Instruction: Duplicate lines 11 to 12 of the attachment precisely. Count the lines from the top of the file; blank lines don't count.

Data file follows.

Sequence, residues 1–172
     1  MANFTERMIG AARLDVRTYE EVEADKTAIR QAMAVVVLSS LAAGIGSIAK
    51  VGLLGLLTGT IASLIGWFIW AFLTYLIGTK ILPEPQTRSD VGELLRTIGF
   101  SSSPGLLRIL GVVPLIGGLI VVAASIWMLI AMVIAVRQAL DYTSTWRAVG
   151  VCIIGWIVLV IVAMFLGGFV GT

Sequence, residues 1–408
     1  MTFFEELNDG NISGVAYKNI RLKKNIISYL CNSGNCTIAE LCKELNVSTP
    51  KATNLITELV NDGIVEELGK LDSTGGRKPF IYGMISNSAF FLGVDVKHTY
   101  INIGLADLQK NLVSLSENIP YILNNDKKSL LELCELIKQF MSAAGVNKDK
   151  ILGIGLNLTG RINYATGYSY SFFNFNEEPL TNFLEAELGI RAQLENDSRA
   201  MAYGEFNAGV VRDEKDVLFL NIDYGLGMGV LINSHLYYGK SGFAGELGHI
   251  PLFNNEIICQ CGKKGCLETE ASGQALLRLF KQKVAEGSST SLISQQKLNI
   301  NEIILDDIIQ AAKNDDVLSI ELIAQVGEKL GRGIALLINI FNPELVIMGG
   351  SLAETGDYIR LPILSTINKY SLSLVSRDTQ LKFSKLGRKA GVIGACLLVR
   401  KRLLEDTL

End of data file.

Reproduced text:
   201  MAYGEFNAGV VRDEKDVLFL NIDYGLGMGV LINSHLYYGK SGFAGELGHI
   251  PLFNNEIICQ CGKKGCLETE ASGQALLRLF KQKVAEGSST SLISQQKLNI